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I have a problem...Once folks learn my academic specialty within the medical sciences and of my strong background in statistics, they often want to form a collaborating - mostly they want me to conduct analyses, develop the study methods, write methods, results and discussion sections of their manuscripts. All this in exchange authorship credits and no actual pay. More often than not, these offers come from clinicians with little experience in human subject research and statistics, who specialize in research topics vastly different than my area of focus.

These days I am weary of getting involved in these projects because when I did do so a few years ago, I became very worried about the integrity of the data and the scientist with whom I worked with. More importantly, I worried the work would at some point be retracted and consequently tarnish my reputation in the future. These concerns arose due to the fact that I had many questions about the data the study was based on and had limited access to the raw data.

The above-mentioned predicament worries me as I am at the beginning of my scientific career and I suspect that many of these clinicians are only temporarily vested in research to amp their publication records for the purpose of promotion. For them, these publications are one-offs and would have less devastating consequences on their careers if retracted. For me, its very different as I am strictly a researcher. It worries me that working on projects where I do not have full control/access to the raw data, and by working with clinicians with little scientific training in human subject research will result in catastrophic outcomes for me.

My questions to the forum are:

1) am I being too picky about who I collaborate with at this stage of my career?
2) should I relax my standards?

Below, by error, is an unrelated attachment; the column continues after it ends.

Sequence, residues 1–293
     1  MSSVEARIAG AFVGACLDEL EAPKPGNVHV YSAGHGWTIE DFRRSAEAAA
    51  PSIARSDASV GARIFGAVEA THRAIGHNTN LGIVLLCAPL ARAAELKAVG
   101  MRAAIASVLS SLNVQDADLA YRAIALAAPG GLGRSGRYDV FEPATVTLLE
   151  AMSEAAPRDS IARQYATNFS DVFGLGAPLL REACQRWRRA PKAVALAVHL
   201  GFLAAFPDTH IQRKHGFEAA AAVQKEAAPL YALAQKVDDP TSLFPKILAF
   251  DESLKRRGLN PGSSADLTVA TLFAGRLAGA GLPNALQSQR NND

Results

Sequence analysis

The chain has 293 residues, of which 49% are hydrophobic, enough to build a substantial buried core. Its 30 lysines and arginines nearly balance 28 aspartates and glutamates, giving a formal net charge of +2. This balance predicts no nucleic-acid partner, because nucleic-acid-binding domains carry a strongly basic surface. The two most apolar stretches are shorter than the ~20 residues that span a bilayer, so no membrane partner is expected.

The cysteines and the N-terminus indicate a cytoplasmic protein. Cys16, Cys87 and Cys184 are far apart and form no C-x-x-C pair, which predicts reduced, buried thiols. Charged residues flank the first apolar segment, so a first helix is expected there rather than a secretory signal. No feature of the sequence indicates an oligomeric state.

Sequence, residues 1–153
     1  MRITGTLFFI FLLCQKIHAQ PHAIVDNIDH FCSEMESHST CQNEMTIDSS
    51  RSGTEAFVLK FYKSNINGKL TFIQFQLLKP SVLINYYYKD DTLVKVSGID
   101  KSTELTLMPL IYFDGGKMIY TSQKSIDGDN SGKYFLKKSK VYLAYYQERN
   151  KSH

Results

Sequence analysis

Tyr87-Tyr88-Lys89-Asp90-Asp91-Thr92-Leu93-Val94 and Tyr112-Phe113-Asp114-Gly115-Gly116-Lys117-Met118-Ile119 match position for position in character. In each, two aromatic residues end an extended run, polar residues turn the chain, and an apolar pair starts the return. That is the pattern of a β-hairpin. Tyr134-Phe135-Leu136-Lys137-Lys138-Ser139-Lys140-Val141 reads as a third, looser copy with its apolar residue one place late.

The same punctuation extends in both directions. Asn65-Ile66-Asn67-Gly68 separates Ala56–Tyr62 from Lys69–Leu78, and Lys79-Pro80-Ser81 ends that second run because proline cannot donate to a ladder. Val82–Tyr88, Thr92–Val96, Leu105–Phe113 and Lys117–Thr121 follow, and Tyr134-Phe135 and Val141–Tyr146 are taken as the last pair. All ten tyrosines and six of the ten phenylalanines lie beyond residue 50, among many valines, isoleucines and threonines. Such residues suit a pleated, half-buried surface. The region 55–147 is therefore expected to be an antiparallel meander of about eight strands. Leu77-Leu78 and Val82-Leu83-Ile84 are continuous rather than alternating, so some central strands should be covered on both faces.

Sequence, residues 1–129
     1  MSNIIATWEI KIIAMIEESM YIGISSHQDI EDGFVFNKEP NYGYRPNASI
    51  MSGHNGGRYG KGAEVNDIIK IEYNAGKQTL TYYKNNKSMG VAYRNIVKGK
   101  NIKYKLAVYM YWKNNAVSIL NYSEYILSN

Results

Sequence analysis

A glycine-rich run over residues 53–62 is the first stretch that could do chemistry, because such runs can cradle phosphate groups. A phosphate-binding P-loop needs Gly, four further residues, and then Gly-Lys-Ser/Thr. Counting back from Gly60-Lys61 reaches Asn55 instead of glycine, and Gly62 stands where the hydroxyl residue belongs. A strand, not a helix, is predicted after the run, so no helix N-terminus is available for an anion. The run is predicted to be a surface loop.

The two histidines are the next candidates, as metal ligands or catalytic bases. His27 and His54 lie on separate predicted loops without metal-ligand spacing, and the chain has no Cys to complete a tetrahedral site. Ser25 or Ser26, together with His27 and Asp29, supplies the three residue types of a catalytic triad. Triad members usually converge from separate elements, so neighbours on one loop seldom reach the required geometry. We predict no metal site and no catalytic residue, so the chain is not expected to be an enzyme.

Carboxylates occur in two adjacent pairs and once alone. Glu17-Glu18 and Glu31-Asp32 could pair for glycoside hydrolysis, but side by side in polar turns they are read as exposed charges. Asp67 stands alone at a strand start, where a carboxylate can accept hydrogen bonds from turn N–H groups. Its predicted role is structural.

3) what are the consequences of being included as an author in poorly conducted research early on in one's research career for an aspiring academic?

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    If you are concerned that authors you're writing with are behaving unethically or fabricating data, do not publish with them, period. – Luigi Apr 30 '16 at 3:54
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    Submitting a paper requires the consent of all coauthors. If you have done work that merits coauthorship, but you do not believe that the resulting paper should be submitted -- especially if you have ethical concerns -- you can ethically and professionally block submission until your work is excised. – JeffE Apr 30 '16 at 15:37
  • @JeffE Yes that's a possibility but then you will be labeled by all your co-workers as a bother, blocking stuff and making things more complicated instead of discussing with your co-authors directly (even if you did and it led nowhere, the messenger is always the one's blamed). – gaborous Jul 1 '17 at 14:11
  • @gaborous Yes, that's true, but so what? If your coworkers insist on acting unethically, why do you care what they think of you? – JeffE Jul 1 '17 at 16:09
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    @JeffE Concretely, I would rather just not work with this kind of person in the first place. If I already started and I cannot get the data at any point in time, I will not give the end results. But you need to keep a level of control, which is not always possible. Also, if you do not think a paper is correct or cannot assert it, you always have the choice to ask to be removed from co-authors (even if you worked on it, it's better to not be mentioned if you do not approve the final paper). – gaborous Jul 1 '17 at 16:26
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+250

I don't think that you're too picky or that you should relax your standards.

If you are responsible for creating a statistical model to test the data, then you should know everything there is to know about the process that generated the data that you are modeling. If you do not know everything and if you don't have access to all the data and any material relevant to how the data was generated (e.g. protocols), then you cannot in good conscience model the data. The reason for this is that you don't know where to look for problems that might invalidate your model. You might, therefore, overlook something. And if the wrong statistical model is used, then the sampling distribution of the parameters and your test statistics will be wrong. They will be wrong because the premises of your argument will be false.

Ideally, as the person conducting the statistical analysis, you will be involved in collecting the data. This means that you should be involved in designing the experiment. Fisher once said the following about involving a statistician after the fact: